The value of the national currency – the Rial – dropped massively and life became much more expensive for the already poor people of Iran. Some of the sectors that are most impacted in Iran are the automobile, finance and healthcare ones.
The Europeans have established entreaties and requested exemptions and waivers from the United States for European companies doing business with Iran. Whether or not these exemptions and waivers would have been granted, not many companies were hanging around to find out.
The Iranian regime reformed its subsidies. This includes bread, water, electricity and fuel. There had been a small change in the economic activities of the country. In 2007/2008, the indirect subsidies totalled an equivalent of over a quarter of the country’s GDP. The indirect subsidies were then replaced by cash transfers to families in Iran.
The second phase of the subsidy reform began over four years ago. Fuel prices were gradually adjusted and increased targeting of cash was being directed to households with low incomes. This resulted in approximately three million households being removed from the subsidy list.
A consequence of the cash transfer program was that poverty in the country fell from 13.1 per cent to 8.1 per cent between 2009 and 2013. Bread and energy subsidies were cut and the lower-income families started to spend more. Yet, in 2014, poverty rose as social services declined.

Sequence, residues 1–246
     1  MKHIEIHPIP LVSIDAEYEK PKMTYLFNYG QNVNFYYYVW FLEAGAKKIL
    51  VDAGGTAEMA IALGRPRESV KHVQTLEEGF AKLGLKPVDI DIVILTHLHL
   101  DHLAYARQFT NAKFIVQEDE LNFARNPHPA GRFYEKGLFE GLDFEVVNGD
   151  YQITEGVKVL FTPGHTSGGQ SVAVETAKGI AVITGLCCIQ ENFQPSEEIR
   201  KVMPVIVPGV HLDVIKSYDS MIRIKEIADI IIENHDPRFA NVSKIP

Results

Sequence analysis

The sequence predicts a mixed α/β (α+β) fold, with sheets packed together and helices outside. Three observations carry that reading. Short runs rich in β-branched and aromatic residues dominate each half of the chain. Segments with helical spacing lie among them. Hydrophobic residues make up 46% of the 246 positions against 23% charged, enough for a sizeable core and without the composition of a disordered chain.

Higher oil exports resulted in external and budget balances improving in 2016. The removal of sanctions on oil also helped.
When the new administration was put in place after the recent so called elections, its biggest challenge was to realise the reforms that were outlined. Non-oil sectors need to grow and the efficiency of labour markets were key to this.
However, since the beginning of the summer, the Iranian economy has been collapsing. The clerical regime is directly responsible for this. The officials can speak hypocritically about the economy’s future with great positivity as much as it pleases, however it does not mean that many believe it.
The standard of living in Iran is decreasing noticeably.
The drastic drop in the value of the Rial is something that is worrying the people of Iran. Many Iranians have lost a lot of money and millions of people across the country have been taking to the streets to protest the situation that has been caused by corruption.
Corruption is found at all levels of the leadership in Iran and the people do not want to witness or experience the effect of it any longer. Or live with the consequences.
They know, and it is very clear to see, that the Iranian regime is completely incapable of reform. It is facing more and more pressure from the international community – especially the United States and several Arab states, and it is unable to make any meaningful improvement.
Regime change is the desire of the Iranian people.